As I sat down and began to rapidly skip through all my favourite online media to find an interesting enough lunch-break read, I came across an article in The Guardian about misogyny at the BBC, specifically on the breakfast show. Sold by the shocking headline – good job headline – I clicked.
To be frank, I’m yet to figure out whether the claim discussed is genuine, or just a witty parody of everything that’s most routinely (and rightly) mocked about the leftist metropolitan establishment, often referred to as first world problems.
The topic? According to former Countryfile host Miriam O’Reilly, there is a “deeply-rooted misogyny in newsrooms” which results in male presenters nearly always sitting in the position considered most senior, on the left. Her comment follows the BBC’s decision to replace veteran presenter Bill Turnbull by newbie Dan Walker, who now sits on the left-hand side of older and more experienced presenter Louise Minchin on the BBC Breakfast sofa.
A number of TV presenters contacted by the Guardian have rubbished the claim, one claiming that ‘It’s never been an issue and it’s almost unconscious where you sit. My sense was when it came to where I sat, it just kind of happened.‘ Others have confirmed the whole seating arrangement thing really is a thing.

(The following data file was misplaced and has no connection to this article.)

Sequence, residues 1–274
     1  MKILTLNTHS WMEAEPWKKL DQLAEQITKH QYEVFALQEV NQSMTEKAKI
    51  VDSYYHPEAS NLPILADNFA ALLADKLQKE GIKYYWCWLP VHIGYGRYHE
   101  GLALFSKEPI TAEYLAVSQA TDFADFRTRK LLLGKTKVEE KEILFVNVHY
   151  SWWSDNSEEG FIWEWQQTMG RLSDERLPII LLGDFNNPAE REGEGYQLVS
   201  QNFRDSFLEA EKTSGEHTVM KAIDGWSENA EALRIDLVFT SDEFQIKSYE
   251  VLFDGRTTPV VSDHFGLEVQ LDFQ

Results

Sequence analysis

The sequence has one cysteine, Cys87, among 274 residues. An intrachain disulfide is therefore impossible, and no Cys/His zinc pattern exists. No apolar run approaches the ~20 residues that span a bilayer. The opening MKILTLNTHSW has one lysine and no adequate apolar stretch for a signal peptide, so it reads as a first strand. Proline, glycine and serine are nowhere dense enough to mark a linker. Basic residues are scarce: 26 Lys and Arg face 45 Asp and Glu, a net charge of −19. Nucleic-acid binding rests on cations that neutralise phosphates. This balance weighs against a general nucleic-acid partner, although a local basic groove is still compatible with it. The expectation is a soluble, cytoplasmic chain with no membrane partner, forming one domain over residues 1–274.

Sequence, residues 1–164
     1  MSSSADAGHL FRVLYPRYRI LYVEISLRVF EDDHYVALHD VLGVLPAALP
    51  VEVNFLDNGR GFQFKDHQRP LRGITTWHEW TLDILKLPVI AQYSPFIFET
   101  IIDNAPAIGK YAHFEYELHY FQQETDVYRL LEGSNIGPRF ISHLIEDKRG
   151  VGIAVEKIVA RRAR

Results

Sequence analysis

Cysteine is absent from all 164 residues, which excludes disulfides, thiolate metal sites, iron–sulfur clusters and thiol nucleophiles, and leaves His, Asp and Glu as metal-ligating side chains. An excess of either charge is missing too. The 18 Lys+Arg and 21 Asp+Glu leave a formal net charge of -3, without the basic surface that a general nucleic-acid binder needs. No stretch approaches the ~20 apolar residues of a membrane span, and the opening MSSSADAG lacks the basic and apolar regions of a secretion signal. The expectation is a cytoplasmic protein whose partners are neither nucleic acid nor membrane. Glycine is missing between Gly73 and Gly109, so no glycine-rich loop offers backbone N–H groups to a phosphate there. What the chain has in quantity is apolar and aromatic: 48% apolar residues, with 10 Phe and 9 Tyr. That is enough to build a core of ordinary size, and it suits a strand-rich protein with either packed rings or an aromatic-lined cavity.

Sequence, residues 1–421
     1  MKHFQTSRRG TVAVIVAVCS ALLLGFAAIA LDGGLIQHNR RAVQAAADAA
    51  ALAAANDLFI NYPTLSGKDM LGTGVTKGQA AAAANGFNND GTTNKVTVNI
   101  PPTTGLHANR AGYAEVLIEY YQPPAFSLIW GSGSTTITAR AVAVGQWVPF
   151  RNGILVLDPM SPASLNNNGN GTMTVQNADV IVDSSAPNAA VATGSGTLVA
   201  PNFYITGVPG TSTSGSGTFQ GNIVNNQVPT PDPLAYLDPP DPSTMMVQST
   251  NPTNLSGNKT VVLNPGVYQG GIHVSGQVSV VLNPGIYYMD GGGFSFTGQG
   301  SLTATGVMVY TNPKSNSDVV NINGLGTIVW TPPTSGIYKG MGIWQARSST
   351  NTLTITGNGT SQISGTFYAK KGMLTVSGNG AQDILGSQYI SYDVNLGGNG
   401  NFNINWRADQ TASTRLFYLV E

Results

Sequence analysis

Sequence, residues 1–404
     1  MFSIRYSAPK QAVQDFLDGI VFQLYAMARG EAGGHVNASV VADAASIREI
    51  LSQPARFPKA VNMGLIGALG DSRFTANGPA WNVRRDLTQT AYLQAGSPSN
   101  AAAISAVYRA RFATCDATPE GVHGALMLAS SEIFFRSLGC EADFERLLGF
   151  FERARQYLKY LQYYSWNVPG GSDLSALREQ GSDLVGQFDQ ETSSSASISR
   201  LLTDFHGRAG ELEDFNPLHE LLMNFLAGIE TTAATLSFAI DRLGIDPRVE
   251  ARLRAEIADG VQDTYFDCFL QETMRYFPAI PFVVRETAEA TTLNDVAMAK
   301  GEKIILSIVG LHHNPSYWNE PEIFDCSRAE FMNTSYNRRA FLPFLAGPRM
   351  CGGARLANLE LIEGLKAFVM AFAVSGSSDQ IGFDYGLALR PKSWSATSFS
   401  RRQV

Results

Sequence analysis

Now, I’m not saying the BBC isn’t an old-fashioned or prejudiced institutions. Hell, I’m not even saying there isn’t deeply rooted misogyny in news studios – there probably is. But to accuse the corporation of sexism based on such a superficial and potentially meaningless layout feature as the seating plan is weak, ridiculous and unconvincing.
The real problem with such BS issues isn’t that they take up publication space, or even worse waste part of my valuable lunch break. The trouble is they bring discredit to the numerous justified discrimination claims which are still too common a part of British society in 2016. Not helpful.